The 20 Social Media Marketing MBA Questions to Ask: Are You Really Prepared?

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Social media for sales and operations cannot begin to be explained in one blog post.  Nor is it covered in one week of my intro to Social Media Marketing course.  The tools, concepts, and principles we discuss are revisited in the subsequent social media courses and much of the rationale stems from traditional marketing practices.  As I have stated in my previous posts, social media is a tool meant to integrate into an organizations marketing strategy and overall operations, it is not meant to stand-alone.

A social media marketing plan will directly affect an organizations people and processes at various levels of involvement.  To help you identify possible areas of weaknesses or even strengths, ask yourself:

1. Do you have the resources to invest in an infrastructure for social?

2. Can you commit to a social media marketing strategy for the long-term?

3. Are roles and expectations clearly identified and documented?

4. What new roles will be created?

5. Do you have the resources to acquire the right people for new roles?

6. Will roles be cross-functional?

7. What experience level is needed for each role?

8. Do you have staff to address acquiring data, analyzing data, and getting data to the right people?

9.  Are you prepared to address governance issues?

10. How will you determine what can be shared via Social platforms on (Twitter, Facebook, LinkedIn, YouTube, blogs etc.)?

11. Have you identified the target audience; do they use social media; what various social channels appropriate for your organization to engage with consumers on (Twitter, Facebook, LinkedIn, FourSquare etc.)?

12. Will social be outside of marketing or within marketing?

13. Who specifically will have access to corporate team accounts?

14. Who will post information, and what kind of information will be posted?

15. Will there be someone to ensure correct responses are given?

16. Will sales and support have access to social accounts? What about PR?

17. Will you create or curate content? Who will create or curate the content?

18. Have you created and documented social media guidelines for employees?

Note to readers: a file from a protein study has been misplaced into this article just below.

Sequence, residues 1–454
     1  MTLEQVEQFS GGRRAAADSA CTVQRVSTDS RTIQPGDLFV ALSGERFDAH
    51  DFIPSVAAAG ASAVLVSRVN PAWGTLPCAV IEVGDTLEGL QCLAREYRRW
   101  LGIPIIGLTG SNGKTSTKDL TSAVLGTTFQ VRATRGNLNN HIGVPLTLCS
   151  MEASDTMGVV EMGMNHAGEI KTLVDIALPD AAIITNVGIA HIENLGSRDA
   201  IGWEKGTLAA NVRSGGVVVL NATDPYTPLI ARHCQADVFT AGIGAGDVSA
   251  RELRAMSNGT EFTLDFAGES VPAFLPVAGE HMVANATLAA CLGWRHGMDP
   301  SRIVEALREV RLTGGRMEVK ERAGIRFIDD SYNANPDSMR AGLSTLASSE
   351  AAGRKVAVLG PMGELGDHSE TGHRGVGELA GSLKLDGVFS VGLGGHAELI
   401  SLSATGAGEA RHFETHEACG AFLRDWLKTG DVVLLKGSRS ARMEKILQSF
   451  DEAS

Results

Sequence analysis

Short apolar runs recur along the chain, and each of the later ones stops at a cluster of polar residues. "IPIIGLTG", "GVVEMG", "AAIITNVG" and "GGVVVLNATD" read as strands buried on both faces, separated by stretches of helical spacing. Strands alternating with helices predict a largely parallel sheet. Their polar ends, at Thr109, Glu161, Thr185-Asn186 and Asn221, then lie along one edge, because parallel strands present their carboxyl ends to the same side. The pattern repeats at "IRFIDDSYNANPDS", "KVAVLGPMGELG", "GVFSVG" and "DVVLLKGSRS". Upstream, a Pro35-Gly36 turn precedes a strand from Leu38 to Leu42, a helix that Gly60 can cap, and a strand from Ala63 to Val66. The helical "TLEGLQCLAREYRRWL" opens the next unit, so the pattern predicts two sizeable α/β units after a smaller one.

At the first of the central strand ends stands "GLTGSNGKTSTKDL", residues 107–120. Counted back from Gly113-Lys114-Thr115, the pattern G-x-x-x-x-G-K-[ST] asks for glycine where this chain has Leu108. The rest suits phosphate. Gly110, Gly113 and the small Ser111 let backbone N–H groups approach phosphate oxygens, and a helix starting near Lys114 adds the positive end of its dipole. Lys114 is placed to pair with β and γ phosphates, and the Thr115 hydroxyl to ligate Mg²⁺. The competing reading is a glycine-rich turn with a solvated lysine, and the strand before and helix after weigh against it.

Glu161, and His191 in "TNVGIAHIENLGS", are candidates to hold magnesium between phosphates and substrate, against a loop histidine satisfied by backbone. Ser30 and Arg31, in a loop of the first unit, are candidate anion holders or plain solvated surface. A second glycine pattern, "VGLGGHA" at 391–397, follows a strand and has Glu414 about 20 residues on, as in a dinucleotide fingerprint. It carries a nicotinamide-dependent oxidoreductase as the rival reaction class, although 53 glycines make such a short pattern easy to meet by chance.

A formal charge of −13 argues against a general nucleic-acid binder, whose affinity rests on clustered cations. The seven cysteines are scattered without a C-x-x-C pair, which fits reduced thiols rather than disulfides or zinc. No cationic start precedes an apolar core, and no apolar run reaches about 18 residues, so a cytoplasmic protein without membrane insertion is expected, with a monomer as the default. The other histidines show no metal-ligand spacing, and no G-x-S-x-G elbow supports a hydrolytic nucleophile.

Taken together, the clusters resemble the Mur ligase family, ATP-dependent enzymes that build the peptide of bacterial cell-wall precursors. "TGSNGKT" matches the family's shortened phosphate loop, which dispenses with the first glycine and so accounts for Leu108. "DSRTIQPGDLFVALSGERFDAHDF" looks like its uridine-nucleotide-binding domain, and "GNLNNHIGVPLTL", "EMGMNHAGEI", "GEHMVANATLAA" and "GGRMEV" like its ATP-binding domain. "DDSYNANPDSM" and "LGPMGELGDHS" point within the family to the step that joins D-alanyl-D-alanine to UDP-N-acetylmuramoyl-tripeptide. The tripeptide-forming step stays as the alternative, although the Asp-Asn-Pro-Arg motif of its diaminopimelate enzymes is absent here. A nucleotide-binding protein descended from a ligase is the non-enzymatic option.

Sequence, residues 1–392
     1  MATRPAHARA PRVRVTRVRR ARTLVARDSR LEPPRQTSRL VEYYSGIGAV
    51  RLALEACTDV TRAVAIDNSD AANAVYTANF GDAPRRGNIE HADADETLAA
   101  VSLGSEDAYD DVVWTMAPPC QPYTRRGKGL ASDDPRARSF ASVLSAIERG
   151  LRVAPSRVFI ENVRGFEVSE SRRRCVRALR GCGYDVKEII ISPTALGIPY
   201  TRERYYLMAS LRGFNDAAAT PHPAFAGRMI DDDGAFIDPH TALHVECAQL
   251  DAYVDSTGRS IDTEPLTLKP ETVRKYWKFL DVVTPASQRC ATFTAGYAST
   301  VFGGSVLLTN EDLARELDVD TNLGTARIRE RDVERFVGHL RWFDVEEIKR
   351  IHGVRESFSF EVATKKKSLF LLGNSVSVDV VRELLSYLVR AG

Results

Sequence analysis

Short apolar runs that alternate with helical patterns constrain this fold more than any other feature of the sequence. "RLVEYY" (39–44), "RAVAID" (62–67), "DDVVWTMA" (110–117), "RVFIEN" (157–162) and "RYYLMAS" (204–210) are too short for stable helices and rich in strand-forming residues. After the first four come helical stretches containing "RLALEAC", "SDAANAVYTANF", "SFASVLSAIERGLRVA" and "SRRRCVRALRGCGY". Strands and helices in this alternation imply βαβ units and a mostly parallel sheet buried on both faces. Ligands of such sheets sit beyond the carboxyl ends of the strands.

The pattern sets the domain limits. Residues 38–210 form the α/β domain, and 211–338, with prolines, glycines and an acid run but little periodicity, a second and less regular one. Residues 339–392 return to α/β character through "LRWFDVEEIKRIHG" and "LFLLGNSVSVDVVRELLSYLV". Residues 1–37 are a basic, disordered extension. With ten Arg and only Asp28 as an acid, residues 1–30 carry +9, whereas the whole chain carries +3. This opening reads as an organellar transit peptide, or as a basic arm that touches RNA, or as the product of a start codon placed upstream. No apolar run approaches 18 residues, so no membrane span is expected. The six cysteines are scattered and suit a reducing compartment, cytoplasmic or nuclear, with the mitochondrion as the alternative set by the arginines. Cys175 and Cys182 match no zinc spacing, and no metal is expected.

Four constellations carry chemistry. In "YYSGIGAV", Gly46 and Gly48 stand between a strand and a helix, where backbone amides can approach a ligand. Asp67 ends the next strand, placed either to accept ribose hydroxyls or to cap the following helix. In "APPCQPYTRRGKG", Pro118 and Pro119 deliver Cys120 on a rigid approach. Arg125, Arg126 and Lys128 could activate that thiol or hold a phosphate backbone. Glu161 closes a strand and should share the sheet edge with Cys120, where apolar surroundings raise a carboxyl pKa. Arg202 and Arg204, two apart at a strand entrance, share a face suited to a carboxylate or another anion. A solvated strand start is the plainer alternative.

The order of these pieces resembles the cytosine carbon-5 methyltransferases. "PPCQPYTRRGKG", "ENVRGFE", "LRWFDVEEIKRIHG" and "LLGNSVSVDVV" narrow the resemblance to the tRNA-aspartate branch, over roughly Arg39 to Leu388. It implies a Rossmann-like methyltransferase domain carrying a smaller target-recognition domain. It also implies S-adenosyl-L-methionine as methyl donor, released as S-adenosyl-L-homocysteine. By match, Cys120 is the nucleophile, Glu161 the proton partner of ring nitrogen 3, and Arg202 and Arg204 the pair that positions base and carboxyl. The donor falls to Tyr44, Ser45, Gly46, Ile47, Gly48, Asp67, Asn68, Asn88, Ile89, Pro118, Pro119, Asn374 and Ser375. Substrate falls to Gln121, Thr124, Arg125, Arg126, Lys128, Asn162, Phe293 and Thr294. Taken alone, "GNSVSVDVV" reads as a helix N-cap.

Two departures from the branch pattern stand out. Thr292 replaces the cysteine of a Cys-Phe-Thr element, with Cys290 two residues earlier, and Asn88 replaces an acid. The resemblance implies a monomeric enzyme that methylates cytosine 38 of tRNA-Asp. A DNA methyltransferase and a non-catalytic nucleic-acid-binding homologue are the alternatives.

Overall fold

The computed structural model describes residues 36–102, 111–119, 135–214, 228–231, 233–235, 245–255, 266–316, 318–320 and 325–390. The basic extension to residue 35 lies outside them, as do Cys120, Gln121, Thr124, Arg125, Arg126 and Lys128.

19. Have you set clear, measurable, and documented goals for your social endeavor?

20. Are you ready for transparency?

By addressing these questions, you can better prepare for what is to come.  The fastest and most direct route to a social media failure is lack of goal setting and lack of planning.  A social media marketing strategy must include (and is certainly not limited to) conversation with consumers, providing relevant and timely content, and it revolves around meaningful relationships.

I hope these questions prompted you to think about the varying degrees of preparation it takes to add or modify roles and processes for social media marketing.

Jessica Rogers
This monthly Social Media MBA column is contributed by Jessica Rogers. Jessica is a Dallas based Adjunct Marketing Instructor at Texas A&M University- Commerce and Full time Faculty at Southern New Hampshire University. She is currently working on her PhD in Business with an emphasis on Marketing; her dissertation research is focused on Social Media. Jessica teaches both undergraduate and graduate level courses in Marketing, including Social Media, and has 16 years of field experience in business and marketing before starting her teaching career in 2009. Jessica holds a BS in Business Administration and an MS in Marketing. +Jessica Rogers
Jessica Rogers

@DrJRogers

Social Media Marketing Professor @SNHU COCE; Adjunct @tamuc -Wife/mommy/PhD'16. #68/Top 100 Mktg Profs on #Twitter. Lover of #smm & hot wings; fluent in sarcasm
Wow #NavarroCollege not accepting apps from west Africa http://t.co/GTgoIPMmOY #ebola #highered - 54 mins ago
Jessica Rogers
SMCOE

Comments

  1. says

    Hi Jessica!

    These are really crucial questions every one should ask for but for me the most important question is to stick with the policy for long term that matters the most as people tend to give up in the center of doing some efforts in this regard. Consistency makes the most for good results.

    • says

       Absolutely! I have it listed as #2. Can you commit to a social media marketing strategy for the long-term? All to often you will see a Twitter feed without an update in months. People give up too soon, expecting to see results immediately! This is not the case, relationships take time to build. 

  2. says

    As a PMP, risk management planning is a critical part of any project plan. It is especially critical in social media where information spreads at lightening speed.
    Plan for ‘disaster recovery.’ How will your company react when something goes wrong on social media? Any PR escalation plan must include a plan/process for managing social media issues.Do employees know what to do when they see something negative posted on a social channel? Do your internal teams know what to do when something goes wrong?Your business is required to have a fire escape plan in place before occupying the building. Your social media plan is just as critical for the reputation of your business and brand. 

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